It's easy to think of Star Wars Jedi: Survivor in terms of its predecessor. Jedi: Fallen Order was broadly thought of as a good game with a few snags holding it back, namely a few disruptive technical issues, an incomprehensible map, and an overreliance on backtracking through lengthy platform sequences (not helped by, you know, the incomprehensible map). Fix those, you reckon, and there's probably a very good game here.
Mostly, Jedi: Survivor has fixed all that. Or at least patched it up. There's much less backtracking this time, thanks to new and plentiful fast travel points. The map is clearer, since sacrificing the Star Wars-iness of the last game's flickering holo effects for this one's more opaque visual helps a fair bit. And the technical issues are less catastrophic, although things can still get pretty rough at the seams - think hands, hair, and various items regularly clipping through surfaces, and some frantic pop-in and cloak-flapping when coming in and out of cutscenes. Plus one hard crash - but broadly, those gripes have been tended to.
On top of that, Jedi: Survivor's systems have expanded beyond Fallen Order's. Instead of adding a few potted plants to Cal Kestis' ship, after you've collected their seeds from the wild, you now have an entire roof garden on the new planet, Koboh, that you can pootle about with. Instead of new people you meet during the story joining you on the ship as major characters, NPCs will now be recruited to Greeze's Koboh bar, Pyloon Saloon. There's a new mini-game, a kind of highly simplified auto-chess battler, where you can deploy units that you'd defeated in battle and scanned with your lovable droid, BD-1, to unlock them.
If I were feeling really miserable I'd call this stuff filler, but it isn't quite. These are things that were already in Fallen Order that have had their little corners expanded: we already collected seeds and scanned enemies and had a little hub, of sorts, on the Mantis. You can see how they came to be - it's a direct sequel, the team at Respawn has a lot of the foundations already in place, so now they have time to expand on the little things, so might as well. Again, that's a recipe for bloat, but more importantly Jedi: Survivor, you'll discover, is a game about finding small ways to make a life under the Empire's oppression, and these little homely touches play into that. I might work through the last few opponents of the minigame - I am a sucker for miniature tactics - and I really could not have less interest in fumbling about with arranging space plants on a grid, but there's something sweet about their presence, which strikes at what Fallen Order and more prominently, Jedi: Survivor really are.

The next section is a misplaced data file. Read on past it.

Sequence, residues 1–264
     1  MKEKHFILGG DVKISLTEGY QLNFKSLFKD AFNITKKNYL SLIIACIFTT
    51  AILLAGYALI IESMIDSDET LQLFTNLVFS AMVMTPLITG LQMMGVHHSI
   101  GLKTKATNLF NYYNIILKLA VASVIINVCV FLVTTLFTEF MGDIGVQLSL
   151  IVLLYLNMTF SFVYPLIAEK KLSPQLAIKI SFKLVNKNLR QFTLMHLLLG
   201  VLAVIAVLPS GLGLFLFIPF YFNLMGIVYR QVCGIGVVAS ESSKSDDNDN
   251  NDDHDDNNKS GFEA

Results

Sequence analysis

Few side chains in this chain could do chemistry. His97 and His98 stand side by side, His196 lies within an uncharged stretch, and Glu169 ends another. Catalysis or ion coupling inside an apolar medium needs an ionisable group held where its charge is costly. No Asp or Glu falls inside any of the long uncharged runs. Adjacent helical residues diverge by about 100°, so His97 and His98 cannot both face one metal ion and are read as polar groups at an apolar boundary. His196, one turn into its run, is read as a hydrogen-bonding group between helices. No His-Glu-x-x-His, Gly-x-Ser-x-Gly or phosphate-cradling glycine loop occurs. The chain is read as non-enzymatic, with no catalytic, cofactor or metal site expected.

Jedi: Survivor is an endearingly sentimental game. Cameron Monaghan, Cal Kestis' voice actor and likeness, felt like such a strange casting choice in Fallen Order, but as he's developed here you can see much more of the reasoning - and much more payoff for it. Kestis is really a pseudo-Anakin Skywalker, an orphaned late teen with a little too much emotion, but in Survivor he's developed into more of a stand-in for every Jedi.
At it's best, Jedi: Survivor uses Cal as an example: here's what every Jedi must wrestle with in an Empire-dominated world. Familiar themes return - loss, anger, obsession, power and powerlessness - and they do so in the familiarly broad strokes of Star Wars lore, but they're potent ones. And Monaghan has such curiously clean, boyish looks, and Cal is so earnestly written, I can't help but feel a little charmed. There's a sense of the long arm of Disney maybe creeping in here - naturally Star Wars has been more overtly "brand safe" since that takeover, despite the inclusion of casual, if bloodless limb-lopping to Jedi: Survivor's combat and, shock, actual romance - but in this particular case it suits.
Combat and action, of course, is where Jedi: Survivor's had its biggest expansion. Cal's gone from two-and-a-half to a whopping five fighting styles this time - the single and double blades from the first game, plus a full fleshing-out of dual-wielding and the two new ones: a Kylo Ren-style crossguard greatsword, and a blaster-and-lightsaber combo mode.
Being honest, I cannot tell you how disappointing it is to watch Respawn contrive to add a gun to a game that doesn't need one, and that's backed up by the lacklustre way it's been added. You can mash Triangle to shoot, hold it to shoot a bigger blast, do a little shoot-and-parry thing or perform a special move reminiscent of a watered-down Auto Pistol from Titanfall. It feels fine, and also completely pointless. At best it's representative of the smack-on-the-nose approach to the notion of Jedi as wandering cowboys - Koboh is a wild west inspired planet complete with treasure-seeking prospectors, southern drawls, rideable mounts and cheesy thumb-in-the-belt faceoffs outside saloons - which is clearly being done playfully, but still doesn't make the blaster necessary. We had this conversation in Revenge of the Sith - "so uncivilised," and all that - and bearing in mind you can lob an actual laser sword at someone's head using space magic, even if you set aside the "old ways" of the Jedi, as Survivor often encourages Cal to do, the pew pew pews will always feel relentlessly naff.